One might think that colonias are just communities of immigrants living in the United States illegally, but most colonia residents are full-fledged American citizens. As citizens and taxpayers, residents demand and deserve the same basic government services as everyone else.
This begs the question: How does the United States, one of the richest countries in the world, allow third-world shantytowns to exist within its borders and house its citizens?
Colonias are communities usually built near the U.S.-Mexico border by poor Hispanic immigrants. For the federal government, the defining element of a colonia is that it has no access to clean water. These communities are the result of Texas’s light regulatory system combined with the construction of colonias on cheap, unused land outside of established city limits.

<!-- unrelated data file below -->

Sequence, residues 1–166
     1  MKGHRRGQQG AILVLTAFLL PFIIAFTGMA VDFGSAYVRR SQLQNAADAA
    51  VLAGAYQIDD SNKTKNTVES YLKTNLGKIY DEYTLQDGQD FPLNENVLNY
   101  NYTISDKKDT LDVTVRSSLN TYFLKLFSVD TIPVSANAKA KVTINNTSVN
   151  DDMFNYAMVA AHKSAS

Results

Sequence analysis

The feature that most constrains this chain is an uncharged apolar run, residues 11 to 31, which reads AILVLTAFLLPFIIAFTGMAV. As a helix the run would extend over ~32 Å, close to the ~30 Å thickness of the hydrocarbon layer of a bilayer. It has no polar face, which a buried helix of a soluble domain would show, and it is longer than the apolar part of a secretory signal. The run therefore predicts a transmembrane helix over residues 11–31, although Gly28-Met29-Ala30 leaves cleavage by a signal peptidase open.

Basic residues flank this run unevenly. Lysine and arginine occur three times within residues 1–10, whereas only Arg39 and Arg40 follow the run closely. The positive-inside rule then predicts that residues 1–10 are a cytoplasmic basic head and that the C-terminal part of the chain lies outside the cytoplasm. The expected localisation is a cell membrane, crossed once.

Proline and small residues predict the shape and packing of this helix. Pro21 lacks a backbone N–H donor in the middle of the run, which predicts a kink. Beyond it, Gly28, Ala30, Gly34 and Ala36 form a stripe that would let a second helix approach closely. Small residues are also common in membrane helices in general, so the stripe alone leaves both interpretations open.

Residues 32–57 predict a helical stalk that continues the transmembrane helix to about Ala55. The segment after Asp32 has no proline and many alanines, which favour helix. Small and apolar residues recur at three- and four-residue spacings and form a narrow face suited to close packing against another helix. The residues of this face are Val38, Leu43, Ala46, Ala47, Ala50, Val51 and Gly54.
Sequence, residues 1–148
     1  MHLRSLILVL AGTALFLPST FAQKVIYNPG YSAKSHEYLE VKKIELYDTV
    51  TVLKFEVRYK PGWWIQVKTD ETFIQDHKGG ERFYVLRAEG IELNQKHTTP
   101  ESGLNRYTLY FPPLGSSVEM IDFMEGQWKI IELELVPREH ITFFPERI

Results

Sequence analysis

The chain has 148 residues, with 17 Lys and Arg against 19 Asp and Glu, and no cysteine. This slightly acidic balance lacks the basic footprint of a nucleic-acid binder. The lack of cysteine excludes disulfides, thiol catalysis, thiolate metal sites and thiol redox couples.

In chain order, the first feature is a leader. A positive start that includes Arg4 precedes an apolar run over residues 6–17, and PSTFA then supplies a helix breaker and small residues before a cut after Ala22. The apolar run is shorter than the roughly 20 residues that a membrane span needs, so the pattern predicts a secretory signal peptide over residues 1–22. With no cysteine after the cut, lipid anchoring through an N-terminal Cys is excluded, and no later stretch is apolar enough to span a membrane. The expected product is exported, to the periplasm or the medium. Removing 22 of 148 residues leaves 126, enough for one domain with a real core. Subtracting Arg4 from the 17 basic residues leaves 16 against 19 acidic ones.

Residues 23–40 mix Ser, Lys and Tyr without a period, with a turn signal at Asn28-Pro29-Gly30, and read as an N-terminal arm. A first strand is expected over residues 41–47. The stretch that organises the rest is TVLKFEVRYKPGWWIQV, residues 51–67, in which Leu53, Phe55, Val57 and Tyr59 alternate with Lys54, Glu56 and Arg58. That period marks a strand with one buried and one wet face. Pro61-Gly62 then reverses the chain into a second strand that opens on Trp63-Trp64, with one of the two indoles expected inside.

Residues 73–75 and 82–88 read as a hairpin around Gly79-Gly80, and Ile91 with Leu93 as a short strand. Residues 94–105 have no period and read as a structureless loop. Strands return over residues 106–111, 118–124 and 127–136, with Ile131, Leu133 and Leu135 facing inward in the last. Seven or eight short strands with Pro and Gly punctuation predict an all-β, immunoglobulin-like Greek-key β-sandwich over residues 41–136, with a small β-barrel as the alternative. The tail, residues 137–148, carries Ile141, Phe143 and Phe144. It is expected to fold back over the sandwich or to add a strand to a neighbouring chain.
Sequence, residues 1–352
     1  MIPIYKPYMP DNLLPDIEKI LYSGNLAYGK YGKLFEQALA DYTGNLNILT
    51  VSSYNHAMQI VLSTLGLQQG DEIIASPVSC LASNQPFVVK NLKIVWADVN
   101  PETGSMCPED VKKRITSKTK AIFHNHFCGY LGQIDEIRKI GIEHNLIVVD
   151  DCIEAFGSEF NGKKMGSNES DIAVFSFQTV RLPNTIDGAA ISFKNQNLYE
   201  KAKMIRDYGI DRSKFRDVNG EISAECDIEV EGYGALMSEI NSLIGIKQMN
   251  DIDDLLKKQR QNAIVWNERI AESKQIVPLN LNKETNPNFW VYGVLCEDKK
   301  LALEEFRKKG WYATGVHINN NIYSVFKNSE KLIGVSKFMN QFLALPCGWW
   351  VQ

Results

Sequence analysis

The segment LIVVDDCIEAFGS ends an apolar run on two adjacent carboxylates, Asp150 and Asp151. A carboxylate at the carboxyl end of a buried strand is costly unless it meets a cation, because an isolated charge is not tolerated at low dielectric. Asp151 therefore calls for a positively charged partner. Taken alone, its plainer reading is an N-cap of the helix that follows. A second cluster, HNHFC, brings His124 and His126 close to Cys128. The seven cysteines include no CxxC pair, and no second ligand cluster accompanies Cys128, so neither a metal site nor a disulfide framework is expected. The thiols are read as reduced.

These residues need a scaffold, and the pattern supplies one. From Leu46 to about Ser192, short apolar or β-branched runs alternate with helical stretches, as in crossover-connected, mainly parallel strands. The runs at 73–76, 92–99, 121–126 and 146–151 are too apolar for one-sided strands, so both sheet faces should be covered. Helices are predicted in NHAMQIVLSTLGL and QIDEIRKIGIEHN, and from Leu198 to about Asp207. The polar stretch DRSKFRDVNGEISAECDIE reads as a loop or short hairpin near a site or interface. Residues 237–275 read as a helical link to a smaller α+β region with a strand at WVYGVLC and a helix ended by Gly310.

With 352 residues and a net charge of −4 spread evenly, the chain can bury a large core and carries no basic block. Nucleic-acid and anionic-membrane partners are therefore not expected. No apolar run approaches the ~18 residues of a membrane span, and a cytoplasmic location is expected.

Colonia land is so cheap partly because it is prone to flooding. Children often have trouble attending school because they cannot reach school buses after overnight thunderstorms flood the streets near their houses. This further deprives families of education as a path out of poverty.